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    he’s popped back on the scene now. He had George gammon on and acted like they were best mates.
     
  7. TreasureHunter

    TreasureHunter Well-Known Member

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    ^
    Kiyosaki has made a fortune out of selling his books. Interesting ideas, original, he has talent and has many original thoughts.
    I respect him, but he's also marketing himself extremely well. And, it looks like he's making a lot of money out of interviews, books, conferences... talk, basically.

    Then his wife made a lot of money on his back, but who would she be without Kiyosaki? :D

    Today Kiyosaki is merely repeating himself. Sometimes he's trying to squeeze out new ideas, but fails like in this video.
    He doesn't know too much about the REAL world and the REAL trends happening around him. He's mostly about himself.

    This reminds me of Jim Rogers (whom I appreciate a lot), who does have solid understanding of China, but mostly old China. Doesn't really know much about the current global trends.
    But he keeps mumbling the same old stuff in all his interviews. And makes money out of this.

    Jim Rogers repeats himself. Kiyosaki too.
     
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  8. mmm....shiney!

    mmm....shiney! Well-Known Member Silver Stacker

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  9. Shaddam IV

    Shaddam IV Well-Known Member Silver Stacker

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    The collapse that I never expected but which now seems rather certain is the collapse of the CCP in the next 18 months. America is making its move to freeze billions of dollars in CCP central committee members assets there in preparation. Most of the central committee already have their families outside China and are getting ready to join them and to start drawing on their Swiss and American bank accounts but the US is well ahead of them and is denying them visas and blocking access to their assets. Game on.
     
  10. TreasureHunter

    TreasureHunter Well-Known Member

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    ^
    This sounds exactly like what they did to Russia through the Cypriot banking "haircut" back in 2012-2013. Back then it sounded unbelievable that they could do such a thing. Now it's the new "normal".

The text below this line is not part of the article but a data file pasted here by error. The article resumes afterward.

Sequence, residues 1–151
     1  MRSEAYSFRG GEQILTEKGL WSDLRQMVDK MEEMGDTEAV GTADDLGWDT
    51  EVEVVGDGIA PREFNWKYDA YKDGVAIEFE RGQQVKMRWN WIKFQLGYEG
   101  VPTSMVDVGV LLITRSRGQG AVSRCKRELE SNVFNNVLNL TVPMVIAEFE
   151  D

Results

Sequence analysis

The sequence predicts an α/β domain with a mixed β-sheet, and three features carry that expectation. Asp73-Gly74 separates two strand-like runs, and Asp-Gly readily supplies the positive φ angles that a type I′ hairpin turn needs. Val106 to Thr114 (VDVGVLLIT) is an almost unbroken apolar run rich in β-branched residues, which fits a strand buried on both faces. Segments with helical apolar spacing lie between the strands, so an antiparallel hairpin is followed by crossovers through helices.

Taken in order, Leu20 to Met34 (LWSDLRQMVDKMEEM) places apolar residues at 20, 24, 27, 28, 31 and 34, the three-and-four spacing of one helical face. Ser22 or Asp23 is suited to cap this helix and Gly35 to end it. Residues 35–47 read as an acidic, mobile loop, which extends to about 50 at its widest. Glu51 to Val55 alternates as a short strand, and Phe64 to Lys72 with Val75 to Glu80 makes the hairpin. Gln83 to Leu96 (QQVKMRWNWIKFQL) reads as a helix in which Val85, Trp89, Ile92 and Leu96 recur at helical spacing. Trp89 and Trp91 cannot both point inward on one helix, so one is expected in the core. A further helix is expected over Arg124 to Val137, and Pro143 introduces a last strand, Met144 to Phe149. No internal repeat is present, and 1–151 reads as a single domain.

I wonder how China would respond: they own so many bonds, treasuries. They could go down in kamikaze-style "glory" by suicide-selling them :D :D :D

    That would spin the world off into an apocalypse.

    Whatever the US is doing looks like a sinking dreadnought still trying to fire at faraway targets beyond range...
     
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  11. TreasureHunter

    TreasureHunter Well-Known Member

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    Ray Dalio Says 'Inflation Is Coming' - How To Prepare

     
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  12. TreasureHunter

    TreasureHunter Well-Known Member

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    Looks like gold's dippin...
     
  13. heartastack

    heartastack Well-Known Member Silver Stacker

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    Dipping from an explosion through 1900 :rolleyes:
     
  14. TreasureHunter

    TreasureHunter Well-Known Member

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    You mean 2000? :D (USD)
     
  15. alor

    alor Well-Known Member Silver Stacker

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    USD reserve weight is falling
    heading to 35% in no time
     
  16. sgbuyer

    sgbuyer Well-Known Member Silver Stacker

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  17. Millennial Engineer

    Millennial Engineer New Member

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    Real gross domestic product (GDP) for America decreased at an annual rate of 32.9 percent for the July 2020 Quarter.

    https://www.bea.gov/news/2020/gross...arter-2020-advance-estimate-and-annual-update

    US GDP July 2020.JPG
    Source: https://www.bea.gov/news/2020/gross...arter-2020-advance-estimate-and-annual-update

    This didn't mean much to me so looking a bit deeper at the report: From Table 7 of the the full report.

    My layman interpretation of this is that if the US Was to have 4 periods of GDP equal to the last quarter of 2020 it would be 21,747.4 Trillion USD. Pre-Covid Figure.

    If you had four periods of the GDP in 2nd Quarter 2020, US Annual GDP would be 19,408.8 Trillion USD.
    GDP 2.JPG

    Someone please correct me if I am wrong.
     
    Last edited: Jul 31, 2020
  18. TreasureHunter

    TreasureHunter Well-Known Member

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    ^
    A mere 0.0001 % of the Q2 GDP would be nice.
     
  19. alor

    alor Well-Known Member Silver Stacker

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  20. TreasureHunter

    TreasureHunter Well-Known Member

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    Mainstream media:

    NBC:
    U.S. Q2 GDP shrunk by a record 32.9%, vs 34.7% expected



    Now: does 3,000 $ gold seem far away? Does 100 $ silver seem far away?

    Not now! :D